Survey: Younger Users More Likely to Make Local Recs on Social Media

Local online marketing and SEO firm BrightLocal is out with some new data from its late 2010 poll of US and UK consumers. There were a total of just over 2,000 surveyed online in September last year.

The previous survey results can be viewed here (Part 1, Part 2). This third part of the survey examines “motivations that consumers have for personally recommending a business.”

Below are a selection of the charts and findings from the survey. Most of the data are segmented by gender and age (though I don’t reproduce all the charts). The full Part 3 survey result are available here.

In the last 12 months have you recommended a local business to people you know by any of the following methods?
Local Consumer Research - Local SEO - Chart 2  - Have you ever used the following method to recommend a local business
The survey says that “11% have written a review on an online directory, but only 6% of users have recommended via twitter.” However Facebook is a meaningful source of local business recommendations according to BrightLocal’s data.

But when the data are segmented by age (below), they show that younger users are much more likely than older users to recommend businesses on directories, Facebook and Twitter.

Local Consumer Research - Local SEO - Chart 3  - Have you ever used the following method to recommend a local business

Which of these factors would make you more likely to recommend a local business to people you know?

Local Consumer Research - Local SEO - Chart 5  - Local Business Traits that Encourage Customers to recommend a local business

The most interesting thing about the chart immediately above is the low response to a local business request for a recommendation. The business must be good or offer a deal to elicit a favorable recommendation.

Would you be more likely to recommend a local business to people you know if they had a good value offer or discount?

Local Consumer Research - Local SEO - Chart 7  - Personal Incentives for Recommending a Local Business

Would you be more likely to promote a local business to people you know if you could benefit personally from doing so?

Local Consumer Research - Local SEO - Chart 9  - Personal Incentives for Recommending a Local Business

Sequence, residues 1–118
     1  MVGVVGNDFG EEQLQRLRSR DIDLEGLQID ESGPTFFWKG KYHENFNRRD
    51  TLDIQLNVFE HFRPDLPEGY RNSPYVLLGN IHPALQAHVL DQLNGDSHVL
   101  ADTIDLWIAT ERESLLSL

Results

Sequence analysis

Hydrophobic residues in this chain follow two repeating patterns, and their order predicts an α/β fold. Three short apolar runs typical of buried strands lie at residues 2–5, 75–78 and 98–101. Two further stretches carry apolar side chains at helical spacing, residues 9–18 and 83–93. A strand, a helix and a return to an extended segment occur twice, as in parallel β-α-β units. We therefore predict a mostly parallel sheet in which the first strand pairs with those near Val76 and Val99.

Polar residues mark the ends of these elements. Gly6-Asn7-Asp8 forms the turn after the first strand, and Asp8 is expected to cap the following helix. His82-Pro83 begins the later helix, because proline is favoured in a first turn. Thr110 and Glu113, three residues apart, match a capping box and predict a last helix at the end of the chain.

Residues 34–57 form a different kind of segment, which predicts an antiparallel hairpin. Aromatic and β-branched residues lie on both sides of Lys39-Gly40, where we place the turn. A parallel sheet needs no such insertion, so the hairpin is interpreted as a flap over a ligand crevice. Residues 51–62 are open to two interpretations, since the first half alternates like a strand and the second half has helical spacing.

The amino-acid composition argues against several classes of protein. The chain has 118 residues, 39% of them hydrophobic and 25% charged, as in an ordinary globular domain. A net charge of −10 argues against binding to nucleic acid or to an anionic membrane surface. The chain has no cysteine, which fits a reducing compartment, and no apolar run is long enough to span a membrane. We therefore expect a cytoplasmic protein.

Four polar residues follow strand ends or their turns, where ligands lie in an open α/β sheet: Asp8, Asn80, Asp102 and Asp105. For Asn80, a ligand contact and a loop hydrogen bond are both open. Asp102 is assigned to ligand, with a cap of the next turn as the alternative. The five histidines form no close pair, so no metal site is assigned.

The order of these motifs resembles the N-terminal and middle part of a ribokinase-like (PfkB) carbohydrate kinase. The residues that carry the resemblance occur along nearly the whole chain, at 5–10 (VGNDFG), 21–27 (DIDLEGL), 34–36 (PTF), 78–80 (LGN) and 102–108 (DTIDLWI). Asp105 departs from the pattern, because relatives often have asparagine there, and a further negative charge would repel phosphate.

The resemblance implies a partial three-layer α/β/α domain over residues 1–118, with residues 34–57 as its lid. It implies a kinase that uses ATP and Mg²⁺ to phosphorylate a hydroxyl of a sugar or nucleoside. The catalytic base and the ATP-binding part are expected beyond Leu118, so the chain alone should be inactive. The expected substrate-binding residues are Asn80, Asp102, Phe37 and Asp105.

The graph above is also interesting as more social media tools attempt to “incentivize” recommendations, reviews and referrals. The BrightLocal survey found that people in the 35-55 age group were the most likely to make a recommendation if rewarded. Men are also more likely than women to do so.

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4 Responses to “Survey: Younger Users More Likely to Make Local Recs on Social Media”

  1. Nyagoslav says at

    I think these findings somehow come to inset to our conversation from the other day: http://www.screenwerk.com/2011/05/02/survey-deals-more-impactful-than-reviews-in-new-customer-acquisition/#comments

  2. Greg says at

    Yes. Thanks for reminding me. One of the challenges is that these surveys are all self-reported attitudinal data. The way questions are asked matters and influence the outcome. But there’s also a potential difference between what I say and what I do in actuality. 

    I might say that I won’t recommend a business if I receive a reward but the particular incentive might turn out to be pretty compelling and I might actually do it. 

    I’m not saying I disbelieve these results. Just saying all survey data should be considered thoughtfully. 

  3. Nyagoslav says at

    Absolutely agree with that. But do you think there is a way to ask questions on such topics without influencing the answer? I mean they are so broad and vary so much from case to case, that this data could definitely not be used as a major reference, but better as a kind of “peg”. Not to mention that the survey covers (just partially) the behavioral patterns of only UK and US citizens.

  4. Greg says at

    Probably no way to ask completely “objective” questions in a survey or provide enough context to make what you’re asking absolutely clear. And yes, cultural differences are going to influence outcomes. 

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